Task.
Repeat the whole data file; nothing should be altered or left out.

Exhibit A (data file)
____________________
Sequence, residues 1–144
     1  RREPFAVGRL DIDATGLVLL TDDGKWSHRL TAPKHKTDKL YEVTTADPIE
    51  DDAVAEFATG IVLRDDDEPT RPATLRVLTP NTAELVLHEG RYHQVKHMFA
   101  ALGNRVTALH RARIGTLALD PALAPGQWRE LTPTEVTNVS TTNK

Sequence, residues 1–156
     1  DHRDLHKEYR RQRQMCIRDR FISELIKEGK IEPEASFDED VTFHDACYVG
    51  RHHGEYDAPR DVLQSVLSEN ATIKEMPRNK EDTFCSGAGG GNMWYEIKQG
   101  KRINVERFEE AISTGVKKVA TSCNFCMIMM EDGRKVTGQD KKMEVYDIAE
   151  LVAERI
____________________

Sequence, residues 1–144
     1  RREPFAVGRL DIDATGLVLL TDDGKWSHRL TAPKHKTDKL YEVTTADPIE
    51  DDAVAEFATG IVLRDDDEPT RPATLRVLTP NTAELVLHEG RYHQVKHMFA
   101  ALGNRVTALH RARIGTLALD PALAPGQWRE LTPTEVTNVS TTNK

Sequence, residues 1–156
     1  DHRDLHKEYR RQRQMCIRDR FISELIKEGK IEPEASFDED VTFHDACYVG
    51  RHHGEYDAPR DVLQSVLSEN ATIKEMPRNK EDTFCSGAGG GNMWYEIKQG
   101  KRINVERFEE AISTGVKKVA TSCNFCMIMM EDGRKVTGQD KKMEVYDIAE
   151  LVAERI